The centre is staffed round-the-clock by a team of experts tasked with monitoring and analysing computer-generated reports. In the event that there is a high probability of a tsunami incident occurring, a warning for high risk areas around Thailand will be issued within 30 minutes. Data will be relayed immediately via satellite.
|Thailand’s National Disaster Warning Centre receives data transmitted from the Pacific Tsunami Warning Centre in Hawaii, the US Geological Survey and the Japan Meteorological Agency and other sources round-the-clock.|
|Thailand’s National Disaster Warning Centre receives notification of seismic or wave activity or an earthquake that might be a potential threat.|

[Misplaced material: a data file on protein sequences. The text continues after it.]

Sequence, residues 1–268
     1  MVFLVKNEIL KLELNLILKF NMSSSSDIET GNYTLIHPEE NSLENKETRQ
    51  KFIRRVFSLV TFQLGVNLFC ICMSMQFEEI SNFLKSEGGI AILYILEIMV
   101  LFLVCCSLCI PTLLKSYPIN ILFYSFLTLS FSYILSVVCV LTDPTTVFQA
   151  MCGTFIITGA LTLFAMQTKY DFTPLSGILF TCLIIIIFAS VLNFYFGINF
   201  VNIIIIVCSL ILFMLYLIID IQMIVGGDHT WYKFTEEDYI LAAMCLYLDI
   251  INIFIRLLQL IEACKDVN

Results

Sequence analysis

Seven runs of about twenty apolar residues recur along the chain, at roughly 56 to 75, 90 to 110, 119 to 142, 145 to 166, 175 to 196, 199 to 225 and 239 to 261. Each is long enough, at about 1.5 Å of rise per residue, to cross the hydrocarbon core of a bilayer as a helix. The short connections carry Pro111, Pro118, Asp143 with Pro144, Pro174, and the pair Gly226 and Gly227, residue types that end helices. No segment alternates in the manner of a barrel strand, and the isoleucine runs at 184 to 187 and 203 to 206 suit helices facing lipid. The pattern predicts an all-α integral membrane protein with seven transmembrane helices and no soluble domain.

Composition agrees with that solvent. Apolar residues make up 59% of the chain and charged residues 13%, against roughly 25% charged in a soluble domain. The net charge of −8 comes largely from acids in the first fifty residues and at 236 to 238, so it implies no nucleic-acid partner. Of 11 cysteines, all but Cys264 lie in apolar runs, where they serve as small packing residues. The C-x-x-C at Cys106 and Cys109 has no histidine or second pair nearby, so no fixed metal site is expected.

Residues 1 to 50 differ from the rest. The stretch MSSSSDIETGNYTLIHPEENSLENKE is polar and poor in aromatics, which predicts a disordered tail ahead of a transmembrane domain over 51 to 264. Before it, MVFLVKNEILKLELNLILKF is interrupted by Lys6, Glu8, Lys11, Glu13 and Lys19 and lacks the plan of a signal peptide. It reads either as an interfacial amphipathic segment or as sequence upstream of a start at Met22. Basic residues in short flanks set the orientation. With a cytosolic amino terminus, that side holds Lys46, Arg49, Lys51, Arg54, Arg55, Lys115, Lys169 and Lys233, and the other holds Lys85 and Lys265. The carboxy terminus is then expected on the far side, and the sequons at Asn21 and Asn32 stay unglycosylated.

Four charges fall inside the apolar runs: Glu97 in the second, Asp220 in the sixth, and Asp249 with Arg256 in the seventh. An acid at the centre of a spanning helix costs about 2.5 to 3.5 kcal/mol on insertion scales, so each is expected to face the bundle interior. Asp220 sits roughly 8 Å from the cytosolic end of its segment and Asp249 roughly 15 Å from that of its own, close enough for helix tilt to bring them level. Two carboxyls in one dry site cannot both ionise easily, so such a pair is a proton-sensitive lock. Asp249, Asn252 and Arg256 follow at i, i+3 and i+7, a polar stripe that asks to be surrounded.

The information received is compiled, computed and analysed within 20 minutes.
Vital data, such as the profile and elevation of the land, ocean depth and other key variables are keyed into a computer-simulated programme. Possible scenarios are generated and analysed. The potential risk to areas around Thailand is assessed.
|In the event of impending danger such as the advance of destructive waves or floodwaters, public warnings are issued.|
Once a warning has been issued by the National Disaster Warning Centre, television and radio stations will immediately cease broadcasts of normal programmes and commence their broadcast of the disaster warning.